Liu Jianhua was born in 1962, in Ji’an, China. He began his career in 1977 by working at the Jingdezhen Pottery and Porcelain Sculpture Factory. In 1985, he was admitted to the Fine Arts Department of the Jingdezhen Pottery and Porcelain College, majoring in Sculpture.
After graduating in 1989, Liu went on to teach at the College of Fine Arts at the Yunnan Institute of the Arts. Since 2004, Liu has been a professor in the Sculpture Department of the Fine Arts School of Shanghai University. Creating sculpture and installations in porcelain, found objects, and other materials, Liu’s work responds to Chinese culture and material history within the context of globalization. Liu, together with artists Hong Hao, Xiao Yu, Song Dong, and curator Leng Lin, established the Polit-Sheer-Form Office group in 2005.
His recent solo exhibitions include Transfer (Dowse Museum, Wellington, New Zealand, 2016); Polit-Sheer-Form Meeting (Taikang Space, Beijing, 2015); Between (Pace London, 2015); Polit-Sheer-Form! (Queens Museum, U.S.A., 2014); and Screaming Walls (Ullens Center for Contempo-rary Art, Beijing, 2011). His recent group exhibitions include Trace (Victoria & Albert Museum, London, 2016); Collection Displays: Between Object and Architecture (Tate Modern, London, 2016); Collected Letters (San Francisco Asian Art Museum, 2016); Utopias/Heterotopia - Wuzhen Interna-tional Contemporary Art Exhibition (Wuzhen, China, 2016); and The Sixth Echigo-Tsumari Art Triennale 2015 (Niigata-ken, Japan, 2015).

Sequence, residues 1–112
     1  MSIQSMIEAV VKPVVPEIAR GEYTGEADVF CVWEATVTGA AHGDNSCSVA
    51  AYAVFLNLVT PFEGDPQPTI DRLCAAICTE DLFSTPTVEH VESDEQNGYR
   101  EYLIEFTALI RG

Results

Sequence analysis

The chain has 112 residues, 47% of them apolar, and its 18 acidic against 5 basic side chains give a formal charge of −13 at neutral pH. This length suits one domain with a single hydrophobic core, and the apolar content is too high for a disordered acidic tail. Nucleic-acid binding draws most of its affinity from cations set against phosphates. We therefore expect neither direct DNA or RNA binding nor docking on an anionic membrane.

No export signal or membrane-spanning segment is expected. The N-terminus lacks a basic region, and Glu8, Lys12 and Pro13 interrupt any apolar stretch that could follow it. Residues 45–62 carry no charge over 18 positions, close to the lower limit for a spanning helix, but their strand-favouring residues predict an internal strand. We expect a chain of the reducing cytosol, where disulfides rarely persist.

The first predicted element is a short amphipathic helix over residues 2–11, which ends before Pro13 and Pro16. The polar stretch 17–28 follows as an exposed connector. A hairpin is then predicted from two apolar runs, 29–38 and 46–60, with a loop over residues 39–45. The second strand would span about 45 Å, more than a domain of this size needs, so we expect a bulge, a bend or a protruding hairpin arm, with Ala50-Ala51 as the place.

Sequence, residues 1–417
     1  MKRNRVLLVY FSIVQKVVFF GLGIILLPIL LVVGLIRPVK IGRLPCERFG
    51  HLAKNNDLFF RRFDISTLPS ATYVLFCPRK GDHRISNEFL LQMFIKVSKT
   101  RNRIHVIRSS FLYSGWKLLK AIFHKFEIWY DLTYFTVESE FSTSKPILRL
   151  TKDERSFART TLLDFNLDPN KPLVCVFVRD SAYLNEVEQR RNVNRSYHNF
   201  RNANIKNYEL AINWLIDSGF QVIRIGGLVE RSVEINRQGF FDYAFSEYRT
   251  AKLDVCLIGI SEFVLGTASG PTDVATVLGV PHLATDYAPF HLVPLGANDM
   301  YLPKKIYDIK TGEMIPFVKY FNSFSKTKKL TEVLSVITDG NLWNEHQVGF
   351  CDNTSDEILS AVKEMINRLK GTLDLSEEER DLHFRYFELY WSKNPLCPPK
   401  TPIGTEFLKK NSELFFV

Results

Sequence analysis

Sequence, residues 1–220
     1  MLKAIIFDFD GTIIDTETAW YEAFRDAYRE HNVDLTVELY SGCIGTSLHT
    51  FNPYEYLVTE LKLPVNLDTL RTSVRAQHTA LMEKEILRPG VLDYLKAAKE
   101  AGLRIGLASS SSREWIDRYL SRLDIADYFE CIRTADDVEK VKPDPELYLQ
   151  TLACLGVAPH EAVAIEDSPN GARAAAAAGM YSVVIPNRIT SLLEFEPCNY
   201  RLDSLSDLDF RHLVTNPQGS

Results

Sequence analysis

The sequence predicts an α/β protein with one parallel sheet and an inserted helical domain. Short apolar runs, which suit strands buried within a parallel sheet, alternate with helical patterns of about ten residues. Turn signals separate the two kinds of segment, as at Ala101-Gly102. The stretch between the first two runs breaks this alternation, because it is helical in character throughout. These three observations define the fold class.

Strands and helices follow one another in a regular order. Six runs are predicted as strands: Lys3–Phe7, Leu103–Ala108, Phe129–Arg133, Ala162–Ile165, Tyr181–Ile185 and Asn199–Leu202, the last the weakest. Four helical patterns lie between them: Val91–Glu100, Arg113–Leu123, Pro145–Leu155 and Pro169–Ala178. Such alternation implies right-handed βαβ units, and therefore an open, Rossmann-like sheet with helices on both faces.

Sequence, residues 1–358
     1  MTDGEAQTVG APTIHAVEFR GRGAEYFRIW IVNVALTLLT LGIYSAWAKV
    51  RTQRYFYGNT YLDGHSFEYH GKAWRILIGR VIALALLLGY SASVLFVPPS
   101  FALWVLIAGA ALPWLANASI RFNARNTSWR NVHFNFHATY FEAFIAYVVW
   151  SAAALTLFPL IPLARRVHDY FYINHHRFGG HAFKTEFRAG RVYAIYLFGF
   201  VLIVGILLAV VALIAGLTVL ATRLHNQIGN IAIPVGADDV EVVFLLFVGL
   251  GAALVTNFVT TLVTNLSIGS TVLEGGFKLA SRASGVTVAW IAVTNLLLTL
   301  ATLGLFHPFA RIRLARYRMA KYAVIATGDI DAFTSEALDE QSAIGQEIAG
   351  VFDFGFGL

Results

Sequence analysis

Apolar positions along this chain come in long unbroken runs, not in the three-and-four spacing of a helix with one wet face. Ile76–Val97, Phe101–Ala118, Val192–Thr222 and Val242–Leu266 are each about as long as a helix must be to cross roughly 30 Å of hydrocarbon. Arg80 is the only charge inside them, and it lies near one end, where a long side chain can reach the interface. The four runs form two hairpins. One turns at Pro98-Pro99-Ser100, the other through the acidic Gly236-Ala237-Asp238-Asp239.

Rime and Filled
Ceramics have always formed the basis of Liu Jianhua’s language. By means of ancient firing techniques, he structures and gives voice to his comprehension of today’s society. When a certain material becomes part of contemporary artistic language, this language isn’t only built with the material itself, as the ‘vocabulary’, which could be dazzling and ornate, as well as simple and un-sophisticated; more importantly, the rules governing the intangibles resulting from the traditional craft and production process are what constitute the ‘grammar’ of this language. The exhibited works Rime and Filled each explore the limits of craft techniques within the domain of a traditional ‘grammar,’ as they convert minute changes observed in the realms of nature or everyday life into an aesthetic form, and thereby shape the artist’s personal and specific language system. From a superficial point of view, the first work appears to be a very ordinary tree branch, at the surface of which the cold weather seems to have resulted in the appearance of snow or frost, or indeed a poetic line of scholarly writing; as for the second one, it brings to mind a bowl overflowing with crystal-clear spring water, as if disturbed for an instant, its surface still moving with ripples. However, be it wood or water, in either case matter has been transmuted into a story unfolded in the ‘language of ceramics’.